A: As a child, I always had a vivid imagination and always believed that I could be anybody and anything was possible. I was a national gymnast starting at the tender age of 6 and continued till the age of around 15 before injuries retired my career. With this discipline and training I grew up with the philosophy that anything less than 100% wasn’t good enough. With a keen eye for perfection and detail I believed that if you worked hard enough and believed in yourself the world was open to all sorts of possibilities. Even before the internet was invented!
I always loved movies. They were inspiring and magical. It was always an experience going to watch a movie and even going to the local VHS rental store. I the smell and atmosphere of the cinema. We lived right next to one. The grand doors, the red carpets, the balconies where the rich people sat, the cigarette smoke, popcorn and the usherettes with the ice-cream trays. What an experience it was, going back home to grab your Star Wars characters and play the scenes you’d just witnessed first hand. I miss that. I miss the emotional connection we all had to film.
Was I destined to be a filmmaker? Maybe.
Q: You are currently in pre-production for your first feature film, ‘Principle Deception’. I heard it is World War Two story with action, deception and love. Can you give us any more insight into the story?
A: First and foremost, it is a film that we hope will raise awareness of the brave and empowering SOE (Special Operations Executive) women of WW2 who fought and died for not just our country but many others too. Around 18 months ago I was handed a small five minute short script to read based on a female spy in WW2. There wasn’t much to the script apart from a women, a spy, a washing line and an ME 109 fighter plane! But I loved the concept. You’ll have to watch it now to see if you can spot that moment.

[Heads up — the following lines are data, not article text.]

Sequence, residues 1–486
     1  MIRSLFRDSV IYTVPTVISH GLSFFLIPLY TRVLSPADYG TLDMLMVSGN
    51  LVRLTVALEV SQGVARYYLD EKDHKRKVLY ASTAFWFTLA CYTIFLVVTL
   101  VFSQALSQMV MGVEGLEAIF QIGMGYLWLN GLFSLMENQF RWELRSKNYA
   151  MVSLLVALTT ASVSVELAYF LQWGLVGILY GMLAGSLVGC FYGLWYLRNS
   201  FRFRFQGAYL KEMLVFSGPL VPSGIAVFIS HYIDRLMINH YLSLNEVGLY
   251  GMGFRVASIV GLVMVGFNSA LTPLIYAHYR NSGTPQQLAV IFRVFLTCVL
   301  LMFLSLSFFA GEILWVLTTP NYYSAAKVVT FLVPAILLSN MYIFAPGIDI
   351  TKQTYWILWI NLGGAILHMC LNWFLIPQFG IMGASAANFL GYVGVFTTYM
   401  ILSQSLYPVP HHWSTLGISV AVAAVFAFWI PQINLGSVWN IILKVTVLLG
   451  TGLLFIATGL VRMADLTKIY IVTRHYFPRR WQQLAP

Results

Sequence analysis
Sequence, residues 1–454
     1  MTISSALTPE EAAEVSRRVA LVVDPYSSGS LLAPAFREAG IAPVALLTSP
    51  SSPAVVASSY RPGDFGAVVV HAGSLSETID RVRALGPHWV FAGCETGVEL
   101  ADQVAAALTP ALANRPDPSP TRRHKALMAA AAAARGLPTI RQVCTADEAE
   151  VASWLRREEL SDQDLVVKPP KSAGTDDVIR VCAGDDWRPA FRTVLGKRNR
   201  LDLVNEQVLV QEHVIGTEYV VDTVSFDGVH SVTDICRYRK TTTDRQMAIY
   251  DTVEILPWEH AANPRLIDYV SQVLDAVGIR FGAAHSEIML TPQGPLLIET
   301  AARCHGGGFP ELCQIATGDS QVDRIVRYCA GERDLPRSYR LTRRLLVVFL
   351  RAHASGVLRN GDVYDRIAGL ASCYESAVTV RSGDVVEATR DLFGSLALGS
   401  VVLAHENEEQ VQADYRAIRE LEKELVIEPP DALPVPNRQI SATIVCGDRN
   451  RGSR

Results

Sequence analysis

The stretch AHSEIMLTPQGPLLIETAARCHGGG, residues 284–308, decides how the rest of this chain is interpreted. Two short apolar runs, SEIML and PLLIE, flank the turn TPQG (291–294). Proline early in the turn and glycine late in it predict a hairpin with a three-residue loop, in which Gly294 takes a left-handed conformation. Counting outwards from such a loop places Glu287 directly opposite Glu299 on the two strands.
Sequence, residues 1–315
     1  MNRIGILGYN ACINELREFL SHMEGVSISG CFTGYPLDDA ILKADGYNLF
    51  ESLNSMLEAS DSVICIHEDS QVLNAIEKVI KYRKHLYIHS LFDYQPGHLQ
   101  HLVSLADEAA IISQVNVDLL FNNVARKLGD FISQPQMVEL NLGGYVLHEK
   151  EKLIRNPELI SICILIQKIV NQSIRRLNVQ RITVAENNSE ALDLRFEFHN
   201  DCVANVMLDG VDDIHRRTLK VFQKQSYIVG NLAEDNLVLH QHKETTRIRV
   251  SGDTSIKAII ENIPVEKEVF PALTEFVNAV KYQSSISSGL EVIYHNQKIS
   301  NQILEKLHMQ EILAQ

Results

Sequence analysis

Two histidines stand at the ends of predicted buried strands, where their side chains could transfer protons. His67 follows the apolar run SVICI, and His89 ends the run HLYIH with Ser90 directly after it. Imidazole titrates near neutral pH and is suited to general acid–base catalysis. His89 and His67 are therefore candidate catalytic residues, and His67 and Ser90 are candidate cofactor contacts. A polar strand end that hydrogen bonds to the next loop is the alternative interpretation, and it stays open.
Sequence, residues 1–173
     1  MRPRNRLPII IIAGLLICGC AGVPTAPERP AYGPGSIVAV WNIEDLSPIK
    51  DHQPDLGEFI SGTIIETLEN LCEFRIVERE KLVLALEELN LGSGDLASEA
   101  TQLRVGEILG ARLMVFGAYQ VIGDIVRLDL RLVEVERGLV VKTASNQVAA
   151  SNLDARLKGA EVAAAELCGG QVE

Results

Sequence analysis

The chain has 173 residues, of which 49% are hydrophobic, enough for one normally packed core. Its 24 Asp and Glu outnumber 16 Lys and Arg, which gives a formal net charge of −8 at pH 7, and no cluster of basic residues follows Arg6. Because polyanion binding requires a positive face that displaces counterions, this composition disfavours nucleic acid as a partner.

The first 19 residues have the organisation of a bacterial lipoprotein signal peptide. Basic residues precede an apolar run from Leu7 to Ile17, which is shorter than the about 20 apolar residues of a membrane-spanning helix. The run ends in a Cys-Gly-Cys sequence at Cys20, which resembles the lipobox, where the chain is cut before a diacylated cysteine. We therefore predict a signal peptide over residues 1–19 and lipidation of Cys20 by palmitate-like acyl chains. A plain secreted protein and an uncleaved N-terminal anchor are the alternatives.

We set out writing the story with a very important brief. I said: “Imagine you have to make action figures out of every characters!” I wanted the characters to be unique and have their own style, quirks, clothing, motivation, agenda.
Our lead character “Ellie” pretty much reminds me of myself, when I had been poorly a few years before. Emotionless, isolated, introvert, a little selfish but determined, strong minded, good work ethic, believe, a photographic memory and exceptional attention to detail. Throughout the movie Ellie’s character seems to escape her cold and dark side, warming to her new colleagues who confide in her with real life and normal events. For a while she manages to break away from the chaos of war and return to a little reality.
Q: Yourself and co-writer Andy Lee have plenty of experience working with A-List artists. Do you think that will be useful when collaborating with actors on the film?